Claim: Photograph shows two young boys named Jason and Jimmy Garret who disappeared from their home in 1920 after discovering a treasure map.
Example: [Collected via the Internet, August 2015]
On Monday, December 13, 1920, it’s reported that brothers Jason and Jimmy Garret found a “treasure map” stuck to a tree with a knife. Based on their parent’s account, the boys weren’t believed and were promptly sent outside.
The above picture was slipped under the front door of the Garret farmhouse one year later.
No map was ever found and neither boy was ever seen again.
Origins: As far as “mysterious disappearance” tales go, this one is brief but highly intriguing: two farmboys find a “treasure map” stuck to a tree with a knife, excitedly report their discovery to disinterested parents who give them the cold shoulder, then disappear forever — the only clue to their fate being a bizarre photograph of them with a skeleton slipped under the door of the family home a year later.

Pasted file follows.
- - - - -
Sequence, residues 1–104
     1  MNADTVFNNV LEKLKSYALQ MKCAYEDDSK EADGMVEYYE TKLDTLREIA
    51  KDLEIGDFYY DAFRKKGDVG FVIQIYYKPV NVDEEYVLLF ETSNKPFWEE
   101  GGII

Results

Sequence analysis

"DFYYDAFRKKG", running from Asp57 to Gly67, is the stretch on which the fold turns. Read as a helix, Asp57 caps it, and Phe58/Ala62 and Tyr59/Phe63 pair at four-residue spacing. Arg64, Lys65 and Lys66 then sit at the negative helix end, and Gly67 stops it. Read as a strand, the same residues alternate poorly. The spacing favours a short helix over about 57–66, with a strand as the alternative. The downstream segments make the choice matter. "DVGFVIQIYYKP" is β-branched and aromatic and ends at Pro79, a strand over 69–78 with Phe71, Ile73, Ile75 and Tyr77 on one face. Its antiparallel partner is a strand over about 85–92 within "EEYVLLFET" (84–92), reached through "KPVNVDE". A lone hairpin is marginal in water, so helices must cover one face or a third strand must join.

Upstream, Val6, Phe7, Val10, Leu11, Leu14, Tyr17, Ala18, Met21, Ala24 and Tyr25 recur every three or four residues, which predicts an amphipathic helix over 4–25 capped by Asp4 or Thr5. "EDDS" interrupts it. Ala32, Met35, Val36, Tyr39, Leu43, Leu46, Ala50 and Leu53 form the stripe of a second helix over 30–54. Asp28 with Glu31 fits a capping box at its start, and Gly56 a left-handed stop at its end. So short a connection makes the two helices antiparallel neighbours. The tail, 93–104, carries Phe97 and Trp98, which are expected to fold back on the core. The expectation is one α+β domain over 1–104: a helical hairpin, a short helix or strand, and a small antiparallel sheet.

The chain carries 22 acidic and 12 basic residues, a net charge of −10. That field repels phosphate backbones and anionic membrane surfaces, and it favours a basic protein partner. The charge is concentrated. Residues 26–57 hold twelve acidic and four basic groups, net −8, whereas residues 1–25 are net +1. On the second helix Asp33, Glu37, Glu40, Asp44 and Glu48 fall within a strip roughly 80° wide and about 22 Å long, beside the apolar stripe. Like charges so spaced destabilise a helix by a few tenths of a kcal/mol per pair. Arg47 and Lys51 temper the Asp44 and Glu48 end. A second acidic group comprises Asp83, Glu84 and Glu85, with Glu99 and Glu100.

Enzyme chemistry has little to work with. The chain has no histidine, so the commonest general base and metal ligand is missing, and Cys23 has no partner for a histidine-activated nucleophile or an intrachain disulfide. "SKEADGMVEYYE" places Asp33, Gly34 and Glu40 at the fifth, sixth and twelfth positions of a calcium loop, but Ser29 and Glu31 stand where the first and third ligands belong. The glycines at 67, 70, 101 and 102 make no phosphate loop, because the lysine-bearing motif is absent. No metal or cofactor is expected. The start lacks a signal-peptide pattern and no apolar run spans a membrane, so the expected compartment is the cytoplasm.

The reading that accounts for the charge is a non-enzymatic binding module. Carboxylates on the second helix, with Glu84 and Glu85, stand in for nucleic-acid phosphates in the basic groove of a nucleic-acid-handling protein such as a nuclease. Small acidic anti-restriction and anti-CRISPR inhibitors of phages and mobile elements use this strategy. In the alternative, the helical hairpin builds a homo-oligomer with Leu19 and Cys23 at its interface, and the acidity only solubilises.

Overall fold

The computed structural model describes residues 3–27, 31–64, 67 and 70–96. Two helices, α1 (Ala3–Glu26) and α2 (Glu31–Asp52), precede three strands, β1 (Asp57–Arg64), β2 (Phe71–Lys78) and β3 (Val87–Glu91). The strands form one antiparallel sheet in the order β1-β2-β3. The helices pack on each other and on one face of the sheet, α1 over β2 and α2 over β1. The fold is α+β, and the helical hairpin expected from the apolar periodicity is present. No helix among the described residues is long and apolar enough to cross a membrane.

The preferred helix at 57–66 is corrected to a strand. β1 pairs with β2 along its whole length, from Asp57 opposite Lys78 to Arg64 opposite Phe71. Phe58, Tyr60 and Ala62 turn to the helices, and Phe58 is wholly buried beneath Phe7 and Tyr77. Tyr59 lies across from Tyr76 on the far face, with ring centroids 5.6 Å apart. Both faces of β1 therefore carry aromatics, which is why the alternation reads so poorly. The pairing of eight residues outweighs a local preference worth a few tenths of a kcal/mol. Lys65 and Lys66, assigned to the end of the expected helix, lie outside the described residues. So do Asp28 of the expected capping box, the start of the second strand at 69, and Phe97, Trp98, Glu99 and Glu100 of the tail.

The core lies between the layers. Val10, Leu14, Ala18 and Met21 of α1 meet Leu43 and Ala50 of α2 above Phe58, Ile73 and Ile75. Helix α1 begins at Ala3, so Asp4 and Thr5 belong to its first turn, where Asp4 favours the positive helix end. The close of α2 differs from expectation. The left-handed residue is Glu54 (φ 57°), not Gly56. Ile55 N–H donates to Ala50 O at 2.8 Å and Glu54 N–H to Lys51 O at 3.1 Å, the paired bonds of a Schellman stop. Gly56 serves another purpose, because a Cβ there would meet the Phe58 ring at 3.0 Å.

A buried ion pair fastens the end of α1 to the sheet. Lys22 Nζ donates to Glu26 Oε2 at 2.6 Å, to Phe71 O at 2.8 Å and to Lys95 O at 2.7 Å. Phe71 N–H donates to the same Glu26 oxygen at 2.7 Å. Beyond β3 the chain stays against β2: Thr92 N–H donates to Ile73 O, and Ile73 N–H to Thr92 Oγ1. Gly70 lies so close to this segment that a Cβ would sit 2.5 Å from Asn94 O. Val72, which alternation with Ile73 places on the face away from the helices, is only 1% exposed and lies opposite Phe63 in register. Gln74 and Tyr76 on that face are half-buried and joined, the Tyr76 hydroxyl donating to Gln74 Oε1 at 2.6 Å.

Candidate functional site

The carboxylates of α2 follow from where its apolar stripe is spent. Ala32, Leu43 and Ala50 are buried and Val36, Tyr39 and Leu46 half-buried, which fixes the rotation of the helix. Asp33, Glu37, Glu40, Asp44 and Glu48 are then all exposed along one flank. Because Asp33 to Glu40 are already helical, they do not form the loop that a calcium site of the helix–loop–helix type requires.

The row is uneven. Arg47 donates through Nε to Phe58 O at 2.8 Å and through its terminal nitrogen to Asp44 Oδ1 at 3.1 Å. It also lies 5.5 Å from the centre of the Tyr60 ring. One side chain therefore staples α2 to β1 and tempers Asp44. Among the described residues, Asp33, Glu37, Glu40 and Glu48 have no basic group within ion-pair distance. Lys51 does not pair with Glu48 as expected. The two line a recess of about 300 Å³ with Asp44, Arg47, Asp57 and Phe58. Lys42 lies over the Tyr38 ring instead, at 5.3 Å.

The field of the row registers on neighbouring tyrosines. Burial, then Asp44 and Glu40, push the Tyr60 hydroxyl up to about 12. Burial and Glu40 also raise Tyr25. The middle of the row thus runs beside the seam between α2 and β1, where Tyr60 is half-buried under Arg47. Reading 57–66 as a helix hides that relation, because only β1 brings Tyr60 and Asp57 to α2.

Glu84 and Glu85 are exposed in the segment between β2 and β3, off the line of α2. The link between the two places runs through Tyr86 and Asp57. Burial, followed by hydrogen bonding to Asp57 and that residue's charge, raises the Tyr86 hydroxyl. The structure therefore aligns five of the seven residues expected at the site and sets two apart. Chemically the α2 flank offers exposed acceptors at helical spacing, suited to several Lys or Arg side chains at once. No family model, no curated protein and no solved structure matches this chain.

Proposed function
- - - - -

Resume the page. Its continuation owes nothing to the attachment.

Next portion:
A chilling story. Nicely done.
As far as the claim that this tale is a “true story,” though, it has several giveaways that tag it as fiction:
- One searches in vain for any news, reports, or other reference (outside of this particular item) to a pair of boys named Jason and Jimmy Garret disappearing circa 1920 (or at any other time).
- The photograph attached to the story appears a bit too modern for 1920.
- This story originated with a Tumblr account titled “Creepy stuff I made up,” at which the operator, Christopher Bloodworth, makes up creepy tales for odd photographs submitted by users.
What is the backstory behind this unusual image, then? We don’t know exactly when and where it was taken, or whom it pictues, but well before it was the subject of a “Creepy stuff I made up” tale it was posted online with a much more sensible explanation — it depicts a boy having fun while accompanying his archaeologist father to work sites during summer vacations from school:
My father was an archaeologist and every summer I went to the excavations.
‘Boy’ with suspenders — it’s me
I miss that time.